Development of advanced enhanced oil recovery technologies, especially for “heavy oil,” to increase the recovery from known fields is critical for maintaining TAPS trough-put. Heavy oil is a dense, viscous type of crude oil with an API gravity between 10° and 20°. Generally, this oil has a viscosity between 100 and 10,000 centipoise, and does not flow readily in the reservoir without dilution and/or the introduction of heat. Particular emphasis needs to be placed on evaluating technologies that could help recover more of this underdeveloped heavy oil resource in Alaska. Advanced oil recovery technologies, such as miscibility enhanced CO2-EOR will be essential for recovering more from the largely undeveloped heavy oil resource.
Initial steps are being taken to produce a portion of the in-place oil resource from two large heavy oil reservoirs on the Alaska North Slope. The Schrader Bluff Formation in the Milne Point Unit has experienced a steady growth in heavy oil production, reaching 19,000 barrels per day in 2003, from a few thousand barrels per day in the 1990s. It is now producing about 12,000 barrels per day. The West Sak Formation in the Kuparuk River Unit, after years of experimentation and delay, produced 18,100 barrels of heavy oil per day in 2007. The Unit operator has submitted plans to the Department of Natural Resources, Alaska to conduct an aggressive program of horizontal well drilling and water injection to increase West Sak heavy oil production to a peak 26,000 barrels per day in 2015.
Further advances in heavy oil recovery technology, adapted particularly to the special geological, reservoir, environmental, and operational situations in Alaska, will be essential for increasing oil recovery from Alaska’s large heavy oil endowment. Current research supported by the NETL’s Arctic Energy Office includes:
Alaska’s Potential from unconventional sources:
Use of Polymers to Recover Viscous Oil
Alaska’s North Slope contains a very large unconventional oil resource—over 45 billion barrels of heavy/viscous oil. Production has been limited to pools in the core area that flow with thermal or miscible gas injection/water- alternating-gas, but the majority of the oil is stranded. The project will be valuable in establishing the most cost-effective path forward to develop Alaska heavy oil resources, studying both existing and new viscoelastic polymers to change the viscosity, new methods for improved injectivity during polymer injection, sweep efficiency enhancements, and effects of induced fracturing and formation parting.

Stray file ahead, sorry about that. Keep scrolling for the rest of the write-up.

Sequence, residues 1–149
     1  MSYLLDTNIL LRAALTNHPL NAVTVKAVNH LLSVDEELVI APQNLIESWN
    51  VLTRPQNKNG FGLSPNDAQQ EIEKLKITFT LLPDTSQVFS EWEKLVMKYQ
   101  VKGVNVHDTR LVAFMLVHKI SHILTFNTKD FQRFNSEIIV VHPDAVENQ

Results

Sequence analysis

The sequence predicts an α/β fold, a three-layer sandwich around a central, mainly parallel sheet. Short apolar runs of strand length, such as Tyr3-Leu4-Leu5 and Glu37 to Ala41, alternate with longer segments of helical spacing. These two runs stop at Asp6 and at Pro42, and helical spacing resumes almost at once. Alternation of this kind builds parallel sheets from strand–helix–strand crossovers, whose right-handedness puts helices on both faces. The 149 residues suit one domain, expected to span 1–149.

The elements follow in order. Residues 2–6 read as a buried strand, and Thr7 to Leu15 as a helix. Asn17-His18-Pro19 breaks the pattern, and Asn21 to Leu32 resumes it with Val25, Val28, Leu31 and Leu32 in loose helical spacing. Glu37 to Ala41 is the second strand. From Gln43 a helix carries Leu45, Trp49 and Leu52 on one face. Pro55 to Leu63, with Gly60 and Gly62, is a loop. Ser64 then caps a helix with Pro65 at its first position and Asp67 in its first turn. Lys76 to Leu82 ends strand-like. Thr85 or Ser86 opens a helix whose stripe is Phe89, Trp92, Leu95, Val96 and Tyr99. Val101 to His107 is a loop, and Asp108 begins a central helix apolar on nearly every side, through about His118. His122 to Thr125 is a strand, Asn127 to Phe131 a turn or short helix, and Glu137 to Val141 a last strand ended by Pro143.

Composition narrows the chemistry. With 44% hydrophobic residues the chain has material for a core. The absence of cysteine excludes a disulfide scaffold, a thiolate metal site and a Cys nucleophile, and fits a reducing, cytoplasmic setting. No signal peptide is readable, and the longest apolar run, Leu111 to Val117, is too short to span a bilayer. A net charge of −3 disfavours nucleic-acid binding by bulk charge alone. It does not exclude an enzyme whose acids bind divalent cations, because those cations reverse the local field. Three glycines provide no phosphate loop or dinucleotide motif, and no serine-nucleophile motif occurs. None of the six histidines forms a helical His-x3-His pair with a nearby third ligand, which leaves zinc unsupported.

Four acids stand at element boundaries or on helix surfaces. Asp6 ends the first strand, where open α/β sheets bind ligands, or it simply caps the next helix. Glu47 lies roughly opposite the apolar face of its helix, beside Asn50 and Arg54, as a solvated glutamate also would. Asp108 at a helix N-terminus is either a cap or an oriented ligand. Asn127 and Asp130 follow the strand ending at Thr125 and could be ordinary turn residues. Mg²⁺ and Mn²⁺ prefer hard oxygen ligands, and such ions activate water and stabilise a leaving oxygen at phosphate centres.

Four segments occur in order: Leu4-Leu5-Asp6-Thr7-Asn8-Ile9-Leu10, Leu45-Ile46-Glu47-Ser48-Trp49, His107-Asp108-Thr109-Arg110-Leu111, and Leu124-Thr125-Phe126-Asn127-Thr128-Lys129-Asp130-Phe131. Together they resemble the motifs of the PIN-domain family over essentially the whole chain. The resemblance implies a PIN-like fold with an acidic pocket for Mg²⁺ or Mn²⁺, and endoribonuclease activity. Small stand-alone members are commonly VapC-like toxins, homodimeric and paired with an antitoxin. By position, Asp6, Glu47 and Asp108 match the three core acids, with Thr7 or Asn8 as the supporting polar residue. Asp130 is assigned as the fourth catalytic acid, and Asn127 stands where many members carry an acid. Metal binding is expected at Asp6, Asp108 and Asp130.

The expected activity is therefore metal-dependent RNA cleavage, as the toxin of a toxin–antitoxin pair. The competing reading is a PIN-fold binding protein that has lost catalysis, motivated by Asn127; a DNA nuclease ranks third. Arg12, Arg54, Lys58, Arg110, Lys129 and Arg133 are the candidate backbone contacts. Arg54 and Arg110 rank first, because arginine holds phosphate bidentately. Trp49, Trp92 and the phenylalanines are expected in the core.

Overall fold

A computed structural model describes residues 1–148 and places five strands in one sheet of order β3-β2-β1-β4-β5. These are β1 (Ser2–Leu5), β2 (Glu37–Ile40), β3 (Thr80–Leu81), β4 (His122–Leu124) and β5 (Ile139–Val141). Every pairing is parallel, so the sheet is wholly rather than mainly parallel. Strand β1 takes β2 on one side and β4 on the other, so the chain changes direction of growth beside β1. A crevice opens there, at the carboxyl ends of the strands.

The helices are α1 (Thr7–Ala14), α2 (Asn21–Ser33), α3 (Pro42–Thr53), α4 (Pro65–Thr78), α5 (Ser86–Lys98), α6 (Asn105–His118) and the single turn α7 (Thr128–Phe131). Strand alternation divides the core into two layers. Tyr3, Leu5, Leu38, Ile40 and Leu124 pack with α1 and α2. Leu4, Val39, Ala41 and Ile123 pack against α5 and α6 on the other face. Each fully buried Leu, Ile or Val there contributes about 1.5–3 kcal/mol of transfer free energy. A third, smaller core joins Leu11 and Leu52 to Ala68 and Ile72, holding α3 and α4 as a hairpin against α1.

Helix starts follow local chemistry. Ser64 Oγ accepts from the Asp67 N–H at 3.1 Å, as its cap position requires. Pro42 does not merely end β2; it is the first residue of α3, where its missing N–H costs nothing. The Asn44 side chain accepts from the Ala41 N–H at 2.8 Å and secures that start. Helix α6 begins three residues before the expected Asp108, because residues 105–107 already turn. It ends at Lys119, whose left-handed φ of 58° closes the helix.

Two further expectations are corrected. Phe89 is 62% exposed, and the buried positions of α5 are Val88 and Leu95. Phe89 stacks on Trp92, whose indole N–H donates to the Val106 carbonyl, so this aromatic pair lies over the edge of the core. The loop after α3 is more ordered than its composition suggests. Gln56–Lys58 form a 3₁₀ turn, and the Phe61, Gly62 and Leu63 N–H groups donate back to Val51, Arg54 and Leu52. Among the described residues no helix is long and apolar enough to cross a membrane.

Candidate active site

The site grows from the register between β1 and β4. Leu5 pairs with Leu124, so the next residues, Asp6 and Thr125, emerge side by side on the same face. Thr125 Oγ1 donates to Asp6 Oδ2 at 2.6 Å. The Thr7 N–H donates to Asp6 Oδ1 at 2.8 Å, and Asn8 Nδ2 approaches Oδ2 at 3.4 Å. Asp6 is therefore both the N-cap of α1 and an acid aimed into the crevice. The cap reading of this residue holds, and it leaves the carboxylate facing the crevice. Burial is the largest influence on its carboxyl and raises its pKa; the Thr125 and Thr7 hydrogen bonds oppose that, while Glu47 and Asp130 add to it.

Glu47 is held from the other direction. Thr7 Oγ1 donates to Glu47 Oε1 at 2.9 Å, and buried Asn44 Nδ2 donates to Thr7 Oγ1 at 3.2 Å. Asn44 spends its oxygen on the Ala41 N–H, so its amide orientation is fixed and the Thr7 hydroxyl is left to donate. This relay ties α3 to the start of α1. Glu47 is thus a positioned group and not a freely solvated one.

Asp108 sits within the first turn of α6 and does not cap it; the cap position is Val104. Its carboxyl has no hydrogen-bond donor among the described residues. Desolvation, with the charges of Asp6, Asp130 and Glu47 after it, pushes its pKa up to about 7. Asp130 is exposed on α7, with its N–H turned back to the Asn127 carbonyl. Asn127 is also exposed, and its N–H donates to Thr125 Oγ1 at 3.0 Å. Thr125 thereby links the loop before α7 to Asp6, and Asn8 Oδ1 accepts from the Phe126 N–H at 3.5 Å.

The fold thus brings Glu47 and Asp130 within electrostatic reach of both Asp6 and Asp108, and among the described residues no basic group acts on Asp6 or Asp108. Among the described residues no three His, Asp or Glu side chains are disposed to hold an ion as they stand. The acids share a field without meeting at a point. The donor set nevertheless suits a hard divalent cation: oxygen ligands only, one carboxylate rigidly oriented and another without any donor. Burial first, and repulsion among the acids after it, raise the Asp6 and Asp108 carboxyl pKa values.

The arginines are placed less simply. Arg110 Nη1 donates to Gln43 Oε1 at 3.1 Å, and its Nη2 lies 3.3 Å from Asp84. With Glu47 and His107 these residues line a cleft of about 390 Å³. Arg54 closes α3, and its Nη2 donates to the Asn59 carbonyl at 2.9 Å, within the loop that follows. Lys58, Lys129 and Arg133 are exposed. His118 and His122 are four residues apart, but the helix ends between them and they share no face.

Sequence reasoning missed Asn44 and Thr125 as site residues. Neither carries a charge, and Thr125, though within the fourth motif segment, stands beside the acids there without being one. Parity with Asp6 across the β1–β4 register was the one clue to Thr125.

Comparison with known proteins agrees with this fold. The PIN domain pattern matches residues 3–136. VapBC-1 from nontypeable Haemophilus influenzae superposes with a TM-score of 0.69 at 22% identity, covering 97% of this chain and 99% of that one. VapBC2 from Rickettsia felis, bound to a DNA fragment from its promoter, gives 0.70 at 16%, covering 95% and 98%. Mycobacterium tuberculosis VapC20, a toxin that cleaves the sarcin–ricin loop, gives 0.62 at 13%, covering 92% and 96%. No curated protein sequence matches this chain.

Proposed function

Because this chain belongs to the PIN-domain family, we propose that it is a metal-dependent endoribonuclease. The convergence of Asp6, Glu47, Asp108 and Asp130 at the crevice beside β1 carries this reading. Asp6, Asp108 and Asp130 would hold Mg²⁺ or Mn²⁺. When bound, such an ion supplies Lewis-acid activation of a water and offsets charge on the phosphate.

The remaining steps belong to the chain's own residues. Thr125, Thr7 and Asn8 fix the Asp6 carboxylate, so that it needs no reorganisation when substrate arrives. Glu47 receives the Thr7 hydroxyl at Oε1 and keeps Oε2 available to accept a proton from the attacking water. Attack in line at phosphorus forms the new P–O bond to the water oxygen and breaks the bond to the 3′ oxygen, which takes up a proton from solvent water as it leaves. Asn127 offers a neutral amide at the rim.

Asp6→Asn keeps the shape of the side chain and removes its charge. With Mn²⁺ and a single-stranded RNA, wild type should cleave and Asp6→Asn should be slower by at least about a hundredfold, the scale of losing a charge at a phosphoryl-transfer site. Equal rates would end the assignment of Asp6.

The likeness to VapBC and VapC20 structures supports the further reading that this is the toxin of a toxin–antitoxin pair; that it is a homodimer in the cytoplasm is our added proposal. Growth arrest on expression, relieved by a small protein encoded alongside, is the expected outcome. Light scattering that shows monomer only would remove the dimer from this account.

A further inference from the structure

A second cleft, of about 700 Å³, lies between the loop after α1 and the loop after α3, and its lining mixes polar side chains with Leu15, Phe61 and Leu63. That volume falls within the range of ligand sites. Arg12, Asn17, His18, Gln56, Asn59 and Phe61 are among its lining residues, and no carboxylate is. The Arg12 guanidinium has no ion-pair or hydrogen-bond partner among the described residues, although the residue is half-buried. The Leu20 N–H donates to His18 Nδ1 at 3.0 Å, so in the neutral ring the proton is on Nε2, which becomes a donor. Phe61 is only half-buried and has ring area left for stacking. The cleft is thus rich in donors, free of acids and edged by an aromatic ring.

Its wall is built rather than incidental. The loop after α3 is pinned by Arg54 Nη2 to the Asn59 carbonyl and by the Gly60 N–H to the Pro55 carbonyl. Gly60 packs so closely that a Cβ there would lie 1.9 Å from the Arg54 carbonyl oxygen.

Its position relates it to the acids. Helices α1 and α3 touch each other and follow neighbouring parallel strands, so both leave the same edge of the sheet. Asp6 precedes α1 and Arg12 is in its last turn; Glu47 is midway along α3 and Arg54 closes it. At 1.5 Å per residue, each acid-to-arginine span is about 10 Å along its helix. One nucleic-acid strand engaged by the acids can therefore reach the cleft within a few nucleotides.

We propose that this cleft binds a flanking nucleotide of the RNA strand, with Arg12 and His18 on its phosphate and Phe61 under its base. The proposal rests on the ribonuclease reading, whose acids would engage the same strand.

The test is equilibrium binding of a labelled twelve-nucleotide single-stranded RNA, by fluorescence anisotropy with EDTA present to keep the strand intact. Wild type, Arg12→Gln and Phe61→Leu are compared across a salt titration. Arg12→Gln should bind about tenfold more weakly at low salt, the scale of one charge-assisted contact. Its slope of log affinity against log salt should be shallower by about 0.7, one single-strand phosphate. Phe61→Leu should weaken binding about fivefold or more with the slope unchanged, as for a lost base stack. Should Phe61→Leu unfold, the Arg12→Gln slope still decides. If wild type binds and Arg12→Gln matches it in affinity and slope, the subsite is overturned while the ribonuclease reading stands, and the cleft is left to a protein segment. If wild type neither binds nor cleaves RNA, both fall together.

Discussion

Fluid and Rock Property Controls on Production and Seismic Monitoring Alaska Heavy Oils
A prime factor limiting the efficiency of heavy oil recovery is the heterogeneity of the system. Variability includes the heavy oil with varying resin and asphaltene contents and the rock matrices’ with different porosities, permeability, connectivity, and mineral content. Using seismic data, this study is attempting to characterize the reservoir fluid and rock properties such that a geophysical monitoring program can potentially be used to enhance heavy oil recovery.
Phase 2–Drilling and Production Testing the Methane Hydrate Resource Potential Associated with the Barrow Gas Fields
Previous research efforts funded by the DOE, supported the hypothesis that methane hydrates exist within the Barrow gas fields. Based on detailed reservoir modeling and other favorable conditions (i.e., formation gas composition, formation water chemistry, and reservoir pressure), it is believed that these accumulations may be interacting with the free gas reservoirs, providing pressure support through dissociation of the hydrates. During Phase 2 of the project, a production test well will be designed, drilled, logged, and cored, and a continuous reservoir surveillance and monitoring program will be implemented to prove the commercial potential of producing methane hydrate through depressurization dissociation from the gas zone underlying the hydrates.
Producing Light Oil from a Frozen Reservoir: Reservoir and Fluid Characterization of Umiat Field, National Petroleum Reserve, Alaska
The Umiat oil field contains light oil in a shallow, frozen reservoir and may be typical of an abundant supply across the Arctic permafrost. Most prior efforts researching how to produce in these strata of rock/ice/light oil system at low pressures has been focused upon techniques for heavy oil in unconsolidated but unfrozen sands or on gas hydrates. This research project is developing a robust reservoir model to test possible production methods for Umiat and similar frozen reservoirs that do not use steam or a liquid that will freeze.